The lone surviving gunman of the 2008 Mumbai attacks could be executed this year if he does not appeal his death sentence, a senior Indian government official said on Tuesday.
Mohammed Ajmal Amir Kasab, 22, was found guilty of waging war on India, mass murder, conspiracy and terrorism offences last week over the assault, which left 166 people dead and more than 300 injured.
Home secretary G.K. Pillai said Kasab’s fate depended on whether the Pakistani national challenged the sentence through the higher courts and filed an appeal for clemency to the country’s president.
"If he doesn’t file any appeal anywhere I think the chances of him getting hanged this year are quite high," he said in an interview.
Calls for swift justice have mounted in India since Kasab’s conviction given the prospects of a lengthy, possibly open-ended, appeal in the courts and an apparent stay on executions.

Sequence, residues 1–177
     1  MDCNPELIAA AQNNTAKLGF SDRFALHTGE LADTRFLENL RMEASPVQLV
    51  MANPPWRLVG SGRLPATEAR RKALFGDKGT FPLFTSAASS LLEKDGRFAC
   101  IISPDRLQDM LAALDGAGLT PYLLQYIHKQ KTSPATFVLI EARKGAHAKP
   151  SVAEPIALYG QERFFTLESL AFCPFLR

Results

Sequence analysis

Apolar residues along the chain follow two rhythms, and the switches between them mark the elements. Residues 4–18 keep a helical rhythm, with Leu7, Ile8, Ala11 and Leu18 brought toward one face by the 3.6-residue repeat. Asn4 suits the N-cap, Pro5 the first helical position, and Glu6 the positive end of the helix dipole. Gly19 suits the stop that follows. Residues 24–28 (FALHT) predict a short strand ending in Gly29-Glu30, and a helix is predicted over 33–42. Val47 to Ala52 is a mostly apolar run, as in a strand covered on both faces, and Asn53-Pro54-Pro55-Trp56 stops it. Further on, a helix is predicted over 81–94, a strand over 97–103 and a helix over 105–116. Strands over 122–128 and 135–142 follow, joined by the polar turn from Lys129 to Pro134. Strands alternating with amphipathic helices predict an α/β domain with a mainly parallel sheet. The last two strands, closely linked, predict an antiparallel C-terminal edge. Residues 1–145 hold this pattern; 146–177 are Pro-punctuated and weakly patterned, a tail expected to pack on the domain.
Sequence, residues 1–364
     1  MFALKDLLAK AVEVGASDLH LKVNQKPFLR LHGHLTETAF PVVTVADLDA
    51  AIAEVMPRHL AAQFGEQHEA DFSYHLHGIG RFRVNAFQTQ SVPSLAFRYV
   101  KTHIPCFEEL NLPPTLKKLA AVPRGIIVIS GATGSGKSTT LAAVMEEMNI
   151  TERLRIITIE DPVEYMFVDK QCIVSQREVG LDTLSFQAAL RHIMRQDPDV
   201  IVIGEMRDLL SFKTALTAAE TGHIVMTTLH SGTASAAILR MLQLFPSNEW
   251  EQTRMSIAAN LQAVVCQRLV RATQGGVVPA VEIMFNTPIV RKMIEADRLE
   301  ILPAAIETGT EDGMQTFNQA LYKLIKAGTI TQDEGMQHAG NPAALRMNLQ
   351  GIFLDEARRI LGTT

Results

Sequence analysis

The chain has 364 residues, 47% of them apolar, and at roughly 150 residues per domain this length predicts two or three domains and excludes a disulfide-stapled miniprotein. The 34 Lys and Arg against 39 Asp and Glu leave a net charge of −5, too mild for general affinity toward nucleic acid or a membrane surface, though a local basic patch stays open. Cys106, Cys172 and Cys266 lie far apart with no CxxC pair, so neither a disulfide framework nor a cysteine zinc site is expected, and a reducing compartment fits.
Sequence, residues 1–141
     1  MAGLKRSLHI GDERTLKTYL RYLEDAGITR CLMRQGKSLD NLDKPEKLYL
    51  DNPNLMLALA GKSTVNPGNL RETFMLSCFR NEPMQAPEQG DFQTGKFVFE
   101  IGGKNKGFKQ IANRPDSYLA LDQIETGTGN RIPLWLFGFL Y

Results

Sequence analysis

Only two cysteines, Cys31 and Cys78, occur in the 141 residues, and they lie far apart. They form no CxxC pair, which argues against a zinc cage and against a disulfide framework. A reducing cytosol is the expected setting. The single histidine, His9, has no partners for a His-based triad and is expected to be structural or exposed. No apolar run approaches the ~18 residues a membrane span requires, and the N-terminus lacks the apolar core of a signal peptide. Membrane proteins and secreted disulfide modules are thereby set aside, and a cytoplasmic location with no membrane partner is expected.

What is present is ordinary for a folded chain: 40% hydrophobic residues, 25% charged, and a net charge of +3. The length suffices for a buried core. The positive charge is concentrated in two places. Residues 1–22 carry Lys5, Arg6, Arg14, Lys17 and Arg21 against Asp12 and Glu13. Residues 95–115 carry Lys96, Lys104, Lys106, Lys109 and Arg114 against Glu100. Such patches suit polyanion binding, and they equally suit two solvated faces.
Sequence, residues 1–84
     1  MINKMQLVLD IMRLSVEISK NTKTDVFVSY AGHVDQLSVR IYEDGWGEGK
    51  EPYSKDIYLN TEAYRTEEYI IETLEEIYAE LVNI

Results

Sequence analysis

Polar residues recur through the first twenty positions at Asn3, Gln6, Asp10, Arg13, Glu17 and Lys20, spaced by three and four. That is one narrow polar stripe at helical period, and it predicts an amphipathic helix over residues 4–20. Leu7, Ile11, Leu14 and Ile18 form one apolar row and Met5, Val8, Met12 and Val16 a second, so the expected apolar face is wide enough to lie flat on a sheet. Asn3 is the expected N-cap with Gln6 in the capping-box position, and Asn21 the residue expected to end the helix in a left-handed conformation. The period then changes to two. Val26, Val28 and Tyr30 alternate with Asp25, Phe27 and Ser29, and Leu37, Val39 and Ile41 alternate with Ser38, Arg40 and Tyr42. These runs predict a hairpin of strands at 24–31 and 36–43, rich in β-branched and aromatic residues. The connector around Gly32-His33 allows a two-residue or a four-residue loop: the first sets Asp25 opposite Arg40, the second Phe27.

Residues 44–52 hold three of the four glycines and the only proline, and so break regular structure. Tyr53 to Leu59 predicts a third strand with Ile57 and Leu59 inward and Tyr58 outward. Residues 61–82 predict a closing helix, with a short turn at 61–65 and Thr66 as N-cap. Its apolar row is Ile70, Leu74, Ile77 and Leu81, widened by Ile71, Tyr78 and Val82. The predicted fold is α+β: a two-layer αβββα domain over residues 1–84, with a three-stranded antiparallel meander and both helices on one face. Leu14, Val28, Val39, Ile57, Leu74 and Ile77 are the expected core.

Although it retains the death penalty, India has not carried out an execution since 2004 and only two since 1998. Dozens of death row prisoners are still waiting for a decision on their clemency appeals.
They include the killers of former prime minister Rajiv Gandhi, who was assassinated in 1991, and a Kashmiri separatist who attacked India’s parliament in 2001.
The chief minister of Maharashtra state, of which Mumbai is the capital, said last week that he would push for the sentence to be carried out.
"We would want Kasab hanged at the earliest. We will ask the Supreme Court to fast-track the hearing of appeal," Ashok Chavan told the Hindustan Times newspaper.
Kasab was one of 10 Islamist militants who attacked the city’s main railway station, three luxury hotels, a popular tourist restaurant and a Jewish centre on November 26, 2008, sparking a bloody, three-day siege.(AFP)